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Street Kings

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Street Kings
Theatrical release poster
Directed byDavid Ayer
Screenplay by
Story byJames Ellroy
Produced by
CinematographyGabriel Beristain
Edited byJeffrey Ford
Music byGraeme Revell
Distributed byFox Searchlight Pictures[1]
Release dates
  • April 3, 2008 (2008-04-03) (Hollywood)
  • April 11, 2008 (2008-04-11) (United States)
Running time
109 minutes
CountryUnited States
Budget$20 million[2]
Box office$66.5 million

Street Kings is a 2008 American action thriller film directed by David Ayer, and starring Keanu Reeves, Forest Whitaker, Hugh Laurie, Chris Evans, Common and The Game. The initial screenplay drafts were written by James Ellroy in the late 1990s under the title The Night Watchman.

The film was released in theaters on April 11, 2008, and was followed by a direct-to-video stand-alone sequel Street Kings 2: Motor City in 2011, with Clifton Powell returning as a corrupt cop.


Tom Ludlow, who became an alcoholic after his wife's death, is an undercover detective for the LAPD's elite Vice-Special unit. He meets with Korean gangsters for a supposed firearms trade who he believes have kidnapped two teenage girls. During the deal, he allows them to beat him and steal his car and a machine gun. Unbeknownst to them, a tracking device on the vehicle leads him to the gang's hideout.

Upon reaching their hideout, Ludlow storms in, kills the gangsters, alters the scene to make the shootings look justified, then finds the girls locked in a closet. While the rest of his unit congratulate him, he is confronted by his former partner, Detective Terrence Washington, who is tired of police corruption, and has begun reporting suspicions to Captain James Biggs of Internal Affairs, who apparently starts an investigation against Ludlow.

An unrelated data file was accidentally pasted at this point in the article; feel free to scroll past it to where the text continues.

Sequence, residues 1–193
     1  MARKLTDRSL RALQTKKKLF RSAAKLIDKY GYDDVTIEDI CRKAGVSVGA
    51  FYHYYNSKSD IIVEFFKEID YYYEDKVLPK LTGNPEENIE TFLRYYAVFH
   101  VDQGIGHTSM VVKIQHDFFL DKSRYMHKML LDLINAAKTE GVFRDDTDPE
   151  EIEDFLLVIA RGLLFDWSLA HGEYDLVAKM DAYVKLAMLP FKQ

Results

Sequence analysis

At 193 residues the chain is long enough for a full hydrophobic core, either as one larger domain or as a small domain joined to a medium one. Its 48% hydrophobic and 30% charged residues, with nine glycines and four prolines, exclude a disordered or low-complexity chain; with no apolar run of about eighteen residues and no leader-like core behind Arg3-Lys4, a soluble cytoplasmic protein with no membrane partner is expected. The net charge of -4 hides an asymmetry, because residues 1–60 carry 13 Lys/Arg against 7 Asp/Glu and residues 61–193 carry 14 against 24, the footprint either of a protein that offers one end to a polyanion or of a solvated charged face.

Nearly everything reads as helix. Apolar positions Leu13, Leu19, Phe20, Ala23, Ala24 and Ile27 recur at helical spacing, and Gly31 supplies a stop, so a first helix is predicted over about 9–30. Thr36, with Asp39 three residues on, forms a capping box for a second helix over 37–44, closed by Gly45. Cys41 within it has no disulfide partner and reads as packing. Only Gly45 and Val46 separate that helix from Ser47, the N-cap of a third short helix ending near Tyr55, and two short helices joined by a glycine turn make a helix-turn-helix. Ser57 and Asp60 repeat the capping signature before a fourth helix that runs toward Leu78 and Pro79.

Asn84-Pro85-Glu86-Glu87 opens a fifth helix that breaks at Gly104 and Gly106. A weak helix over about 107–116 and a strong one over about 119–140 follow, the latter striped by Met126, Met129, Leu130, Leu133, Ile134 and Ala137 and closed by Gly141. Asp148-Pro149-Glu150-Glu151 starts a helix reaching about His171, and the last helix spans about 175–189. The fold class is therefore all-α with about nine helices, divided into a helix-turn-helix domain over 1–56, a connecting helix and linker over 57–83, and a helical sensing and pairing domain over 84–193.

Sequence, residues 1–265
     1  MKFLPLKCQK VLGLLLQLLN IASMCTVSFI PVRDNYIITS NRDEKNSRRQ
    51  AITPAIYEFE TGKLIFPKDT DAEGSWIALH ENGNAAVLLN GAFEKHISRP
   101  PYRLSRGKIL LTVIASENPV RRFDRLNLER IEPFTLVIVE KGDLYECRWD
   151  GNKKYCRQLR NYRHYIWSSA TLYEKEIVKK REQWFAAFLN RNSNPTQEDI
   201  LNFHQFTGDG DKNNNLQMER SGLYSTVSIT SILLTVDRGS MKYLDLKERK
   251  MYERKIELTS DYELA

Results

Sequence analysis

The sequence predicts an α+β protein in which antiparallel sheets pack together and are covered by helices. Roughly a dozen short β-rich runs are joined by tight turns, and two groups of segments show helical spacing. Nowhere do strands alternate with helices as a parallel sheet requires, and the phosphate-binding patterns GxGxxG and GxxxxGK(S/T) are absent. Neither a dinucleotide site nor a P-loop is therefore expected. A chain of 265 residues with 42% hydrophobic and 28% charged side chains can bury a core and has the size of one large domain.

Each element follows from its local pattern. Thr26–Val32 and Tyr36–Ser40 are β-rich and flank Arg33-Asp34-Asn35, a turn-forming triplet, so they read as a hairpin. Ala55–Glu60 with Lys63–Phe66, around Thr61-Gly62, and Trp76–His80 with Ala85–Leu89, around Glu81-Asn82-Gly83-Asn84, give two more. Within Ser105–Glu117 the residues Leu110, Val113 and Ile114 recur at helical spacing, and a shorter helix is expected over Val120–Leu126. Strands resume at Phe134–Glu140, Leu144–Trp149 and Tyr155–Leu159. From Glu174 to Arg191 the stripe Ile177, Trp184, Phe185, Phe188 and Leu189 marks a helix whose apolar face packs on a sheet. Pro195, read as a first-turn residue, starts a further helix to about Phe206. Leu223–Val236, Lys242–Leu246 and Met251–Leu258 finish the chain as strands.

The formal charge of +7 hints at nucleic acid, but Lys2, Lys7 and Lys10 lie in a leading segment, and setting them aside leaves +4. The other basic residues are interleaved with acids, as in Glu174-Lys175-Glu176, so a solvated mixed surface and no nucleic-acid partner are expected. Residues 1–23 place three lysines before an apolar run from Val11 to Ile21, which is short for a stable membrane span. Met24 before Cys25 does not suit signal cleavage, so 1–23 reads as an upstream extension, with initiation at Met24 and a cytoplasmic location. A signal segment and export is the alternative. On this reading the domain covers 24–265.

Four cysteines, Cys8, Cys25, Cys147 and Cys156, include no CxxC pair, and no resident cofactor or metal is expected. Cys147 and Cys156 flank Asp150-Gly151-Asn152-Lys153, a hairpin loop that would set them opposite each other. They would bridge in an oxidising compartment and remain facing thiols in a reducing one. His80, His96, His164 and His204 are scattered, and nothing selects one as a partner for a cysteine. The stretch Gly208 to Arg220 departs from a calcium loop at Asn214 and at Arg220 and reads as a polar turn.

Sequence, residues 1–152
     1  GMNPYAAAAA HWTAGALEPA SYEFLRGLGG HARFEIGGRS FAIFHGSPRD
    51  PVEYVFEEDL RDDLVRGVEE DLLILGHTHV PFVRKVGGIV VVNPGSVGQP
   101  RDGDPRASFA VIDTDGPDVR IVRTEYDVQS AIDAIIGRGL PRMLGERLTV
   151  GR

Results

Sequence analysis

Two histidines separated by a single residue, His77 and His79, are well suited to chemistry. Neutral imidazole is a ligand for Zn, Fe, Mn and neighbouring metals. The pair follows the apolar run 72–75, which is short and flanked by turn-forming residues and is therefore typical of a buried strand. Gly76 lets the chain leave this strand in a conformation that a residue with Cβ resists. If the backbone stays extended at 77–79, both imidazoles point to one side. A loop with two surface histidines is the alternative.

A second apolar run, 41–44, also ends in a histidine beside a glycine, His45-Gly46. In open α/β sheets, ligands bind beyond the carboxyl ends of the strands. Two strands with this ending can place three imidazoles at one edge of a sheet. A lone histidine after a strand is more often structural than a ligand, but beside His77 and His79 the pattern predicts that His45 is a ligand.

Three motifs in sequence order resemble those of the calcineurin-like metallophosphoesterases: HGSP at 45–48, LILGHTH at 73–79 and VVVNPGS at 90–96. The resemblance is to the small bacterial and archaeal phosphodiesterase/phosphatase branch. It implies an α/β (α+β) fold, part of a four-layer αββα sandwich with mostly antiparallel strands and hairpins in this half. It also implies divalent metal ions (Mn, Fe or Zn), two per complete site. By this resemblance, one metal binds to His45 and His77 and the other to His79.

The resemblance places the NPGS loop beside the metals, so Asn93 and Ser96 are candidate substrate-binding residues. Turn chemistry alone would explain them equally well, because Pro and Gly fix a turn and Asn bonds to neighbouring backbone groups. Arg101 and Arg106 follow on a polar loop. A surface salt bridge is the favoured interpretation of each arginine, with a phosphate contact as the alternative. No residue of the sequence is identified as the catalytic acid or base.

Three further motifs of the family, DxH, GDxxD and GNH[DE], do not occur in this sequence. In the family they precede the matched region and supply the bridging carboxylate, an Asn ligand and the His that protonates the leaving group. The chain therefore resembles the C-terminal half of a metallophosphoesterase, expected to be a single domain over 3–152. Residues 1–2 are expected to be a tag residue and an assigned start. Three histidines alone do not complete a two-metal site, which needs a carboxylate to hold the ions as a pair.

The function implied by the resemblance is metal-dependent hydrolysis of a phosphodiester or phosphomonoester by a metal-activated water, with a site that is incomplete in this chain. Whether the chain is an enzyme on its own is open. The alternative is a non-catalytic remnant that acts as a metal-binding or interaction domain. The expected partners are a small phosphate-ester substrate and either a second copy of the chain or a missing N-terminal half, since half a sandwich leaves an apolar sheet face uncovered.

Believing Washington snitched on him, Ludlow follows him to a convenience store to beat him up. However, Washington is killed by two gangsters under the pretense of a robbery. The surveillance video shows Ludlow brawling with and subsequently shooting him accidentally during the gunfight. Based on this, his actions are unjustifiable and incriminating. Captain Jack Wander offers Ludlow an alibi by telling him to remove the surveillance footage, and tells the press he was the first to arrive on scene but too late to save Washington.

The DNA of criminals Fremont and Coates is found at the scene, as well as a large amount of cash on Washington. The investigation assumes that Washington was corrupt, stealing drugs from the evidence room and selling them to Fremont and Coates. Ludlow then enlists Detective Paul Diskant's help, who was responsible for the forensic evidence, in his personal investigation.

As Ludlow and Diskant investigate, they eventually find a house in the hills where they find the bodies of the real Fremont and Coates buried in a shallow grave; it is apparent that they were killed long before Washington's death. Ludlow meets with his widowed wife and hands her the surveillance CD. He empathises with her as he lost his wife previously, tells her he was beside Washington when he died and vows to avenge his murder.

Ludlow and Diskant then pose as dirty cops who are willing to take over the selling of stolen drugs. With Scribble's help they set up a meeting with the two criminals masquerading as Fremont and Coates. Ludlow questions who they really are, when Diskant recognizes them, he is shot and bleeds out to death. Ludlow kills both men and escapes back to his girlfriend's house, where he sees on the news that they were undercover Los Angeles County Sheriff's Department deputies. Ludlow is identified as a 'cop-killer,' so quickly that he understands there are others behind it. At the same time, Detectives Cosmo Santos and Dante Demille break in and handcuff him.

Santos and Demille admit that they killed and planted Fremont and Coates' DNA and the money at the scene of Washington's murder. Ludlow realizes that Washington was in fact informing on Wander to Biggs, who was the one stealing drugs from the department's evidence room.